It is, however, increasingly signified by the difficulty of survival. Popular culture, literature and cinema, more than anything, have illuminated both the impossibility and the necessity of speaking. And they have created a new generation of "participants" - the audiences who have committed themselves to the "hazards of listening".

Schindler's List and the epic Shoah are watersheds in this process of participation. The complaint that Stephen Spielberg's film Schindler's List could never really represent the reality of the Holocaust was answered by the film's attempt to participate in history. Of course it could not represent the reality. What it could do, however, was give the spectator permission to imagine.

But the exemplary gift to remembrance is Claude Lanzmann's Shoah. The action is storytelling. And by giving that back to victims, perpetrators and by-standers, Shoah gives to the spectator the trauma of testimony. We see what the participants often did not see: their determination to not know. We see in the living victims how survival itself is a crisis.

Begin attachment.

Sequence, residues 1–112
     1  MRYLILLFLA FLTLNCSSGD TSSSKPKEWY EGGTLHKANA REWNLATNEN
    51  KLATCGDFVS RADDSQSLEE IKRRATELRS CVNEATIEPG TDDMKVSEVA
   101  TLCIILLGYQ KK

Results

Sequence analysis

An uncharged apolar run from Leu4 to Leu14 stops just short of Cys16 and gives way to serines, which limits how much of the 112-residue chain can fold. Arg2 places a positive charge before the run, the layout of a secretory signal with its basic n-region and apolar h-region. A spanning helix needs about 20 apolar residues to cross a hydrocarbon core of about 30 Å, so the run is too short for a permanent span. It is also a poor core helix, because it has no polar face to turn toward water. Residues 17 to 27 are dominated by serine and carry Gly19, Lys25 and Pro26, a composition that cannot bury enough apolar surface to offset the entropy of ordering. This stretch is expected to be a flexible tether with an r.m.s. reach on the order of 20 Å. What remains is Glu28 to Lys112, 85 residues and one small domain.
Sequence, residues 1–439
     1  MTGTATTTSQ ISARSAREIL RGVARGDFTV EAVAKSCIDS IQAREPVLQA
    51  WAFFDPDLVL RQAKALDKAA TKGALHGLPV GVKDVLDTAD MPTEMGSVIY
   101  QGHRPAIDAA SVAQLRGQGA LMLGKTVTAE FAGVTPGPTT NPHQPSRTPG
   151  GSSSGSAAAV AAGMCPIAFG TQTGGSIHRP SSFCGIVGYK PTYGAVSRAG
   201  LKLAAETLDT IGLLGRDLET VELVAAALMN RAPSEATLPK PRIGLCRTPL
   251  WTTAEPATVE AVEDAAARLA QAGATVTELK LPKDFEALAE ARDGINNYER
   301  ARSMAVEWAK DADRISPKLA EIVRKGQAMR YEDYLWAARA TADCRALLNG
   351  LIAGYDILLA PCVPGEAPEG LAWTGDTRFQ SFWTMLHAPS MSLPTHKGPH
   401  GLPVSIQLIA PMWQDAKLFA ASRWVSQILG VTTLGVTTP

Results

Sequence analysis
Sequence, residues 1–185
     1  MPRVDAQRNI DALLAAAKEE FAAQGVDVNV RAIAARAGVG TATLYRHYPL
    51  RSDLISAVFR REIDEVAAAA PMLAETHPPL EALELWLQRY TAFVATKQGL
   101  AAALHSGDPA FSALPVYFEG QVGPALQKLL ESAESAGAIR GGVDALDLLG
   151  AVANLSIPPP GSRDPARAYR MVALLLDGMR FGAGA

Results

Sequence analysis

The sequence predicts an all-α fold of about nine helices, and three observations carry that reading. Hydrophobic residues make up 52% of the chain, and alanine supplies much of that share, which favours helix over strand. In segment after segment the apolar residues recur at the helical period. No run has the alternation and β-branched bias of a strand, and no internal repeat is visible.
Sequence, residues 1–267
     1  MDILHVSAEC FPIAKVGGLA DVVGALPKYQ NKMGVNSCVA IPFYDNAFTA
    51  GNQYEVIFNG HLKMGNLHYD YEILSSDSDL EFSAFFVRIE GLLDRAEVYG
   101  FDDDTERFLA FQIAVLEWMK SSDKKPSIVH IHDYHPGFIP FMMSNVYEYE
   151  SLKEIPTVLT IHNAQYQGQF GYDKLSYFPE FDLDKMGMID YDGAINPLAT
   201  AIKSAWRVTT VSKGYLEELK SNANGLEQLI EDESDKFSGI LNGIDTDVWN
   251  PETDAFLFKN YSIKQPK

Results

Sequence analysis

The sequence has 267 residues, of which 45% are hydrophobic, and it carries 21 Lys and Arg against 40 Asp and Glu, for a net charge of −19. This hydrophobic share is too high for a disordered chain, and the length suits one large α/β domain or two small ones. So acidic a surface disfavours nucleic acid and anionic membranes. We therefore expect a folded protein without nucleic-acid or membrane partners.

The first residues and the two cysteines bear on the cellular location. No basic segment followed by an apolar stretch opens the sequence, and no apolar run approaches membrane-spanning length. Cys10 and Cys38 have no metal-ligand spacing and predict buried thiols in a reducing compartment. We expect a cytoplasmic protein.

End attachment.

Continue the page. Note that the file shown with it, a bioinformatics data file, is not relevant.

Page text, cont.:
The film's focus on the detail of remembering and forgetting is its great triumph. The spectators are obliged both to submit to the storytellers, for they are the narrative's only resource, and yet also to bring their empathy to the event and to the drama of speaking. The perpetrators' lacunae, the by-standers' refusal to imagine, the victims' sorrows, speech and silence, are all evidence of trauma.

The Holocaust is the template for abuse and oppression. Its victims had to manage the perpetrators' injunction: thou shall not be known, thou shalt not be believed. It also exemplifies the trauma as a process of postponing feeling, of pain deferred.

This recurring nightmare is the gift of the salvati to society. Through it, the event of the Holocaust is not longer an unknowable exception, but a test of our commitment to the victims of history.